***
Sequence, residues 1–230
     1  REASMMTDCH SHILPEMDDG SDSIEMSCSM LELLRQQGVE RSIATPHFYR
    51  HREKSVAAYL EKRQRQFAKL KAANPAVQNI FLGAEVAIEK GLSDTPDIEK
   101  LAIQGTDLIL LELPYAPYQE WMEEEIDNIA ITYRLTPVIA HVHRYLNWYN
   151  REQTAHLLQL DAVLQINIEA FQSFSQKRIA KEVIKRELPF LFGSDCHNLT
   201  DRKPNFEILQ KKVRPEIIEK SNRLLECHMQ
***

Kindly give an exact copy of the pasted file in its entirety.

Sequence, residues 1–230
     1  REASMMTDCH SHILPEMDDG SDSIEMSCSM LELLRQQGVE RSIATPHFYR
    51  HREKSVAAYL EKRQRQFAKL KAANPAVQNI FLGAEVAIEK GLSDTPDIEK
   101  LAIQGTDLIL LELPYAPYQE WMEEEIDNIA ITYRLTPVIA HVHRYLNWYN
   151  REQTAHLLQL DAVLQINIEA FQSFSQKRIA KEVIKRELPF LFGSDCHNLT
   201  DRKPNFEILQ KKVRPEIIEK SNRLLECHMQ